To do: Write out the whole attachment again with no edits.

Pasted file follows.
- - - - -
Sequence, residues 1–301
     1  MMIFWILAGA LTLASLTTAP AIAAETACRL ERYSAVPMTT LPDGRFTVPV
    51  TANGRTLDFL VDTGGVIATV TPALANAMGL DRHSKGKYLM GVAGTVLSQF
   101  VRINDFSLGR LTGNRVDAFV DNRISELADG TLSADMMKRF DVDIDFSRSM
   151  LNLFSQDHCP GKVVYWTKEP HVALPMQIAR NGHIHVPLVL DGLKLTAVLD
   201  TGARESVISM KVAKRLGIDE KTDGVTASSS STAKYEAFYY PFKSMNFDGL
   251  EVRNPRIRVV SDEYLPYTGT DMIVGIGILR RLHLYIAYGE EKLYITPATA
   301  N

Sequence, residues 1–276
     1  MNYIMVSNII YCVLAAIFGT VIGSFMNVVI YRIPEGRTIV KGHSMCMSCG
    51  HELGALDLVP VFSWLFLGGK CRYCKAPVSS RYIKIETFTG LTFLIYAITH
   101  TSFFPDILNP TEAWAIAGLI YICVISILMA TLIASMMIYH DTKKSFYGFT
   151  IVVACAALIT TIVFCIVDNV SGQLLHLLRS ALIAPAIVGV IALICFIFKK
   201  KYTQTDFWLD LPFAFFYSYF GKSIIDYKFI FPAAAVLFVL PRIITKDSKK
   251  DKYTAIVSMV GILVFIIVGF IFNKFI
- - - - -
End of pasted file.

Sequence, residues 1–301
     1  MMIFWILAGA LTLASLTTAP AIAAETACRL ERYSAVPMTT LPDGRFTVPV
    51  TANGRTLDFL VDTGGVIATV TPALANAMGL DRHSKGKYLM GVAGTVLSQF
   101  VRINDFSLGR LTGNRVDAFV DNRISELADG TLSADMMKRF DVDIDFSRSM
   151  LNLFSQDHCP GKVVYWTKEP HVALPMQIAR NGHIHVPLVL DGLKLTAVLD
   201  TGARESVISM KVAKRLGIDE KTDGVTASSS STAKYEAFYY PFKSMNFDGL
   251  EVRNPRIRVV SDEYLPYTGT DMIVGIGILR RLHLYIAYGE EKLYITPATA
   301  N

Sequence, residues 1–276
     1  MNYIMVSNII YCVLAAIFGT VIGSFMNVVI YRIPEGRTIV KGHSMCMSCG
    51  HELGALDLVP VFSWLFLGGK CRYCKAPVSS RYIKIETFTG LTFLIYAITH
   101  TSFFPDILNP TEAWAIAGLI YICVISILMA TLIASMMIYH DTKKSFYGFT
   151  IVVACAALIT TIVFCIVDNV SGQLLHLLRS ALIAPAIVGV IALICFIFKK
   201  KYTQTDFWLD LPFAFFYSYF GKSIIDYKFI FPAAAVLFVL PRIITKDSKK
   251  DKYTAIVSMV GILVFIIVGF IFNKFI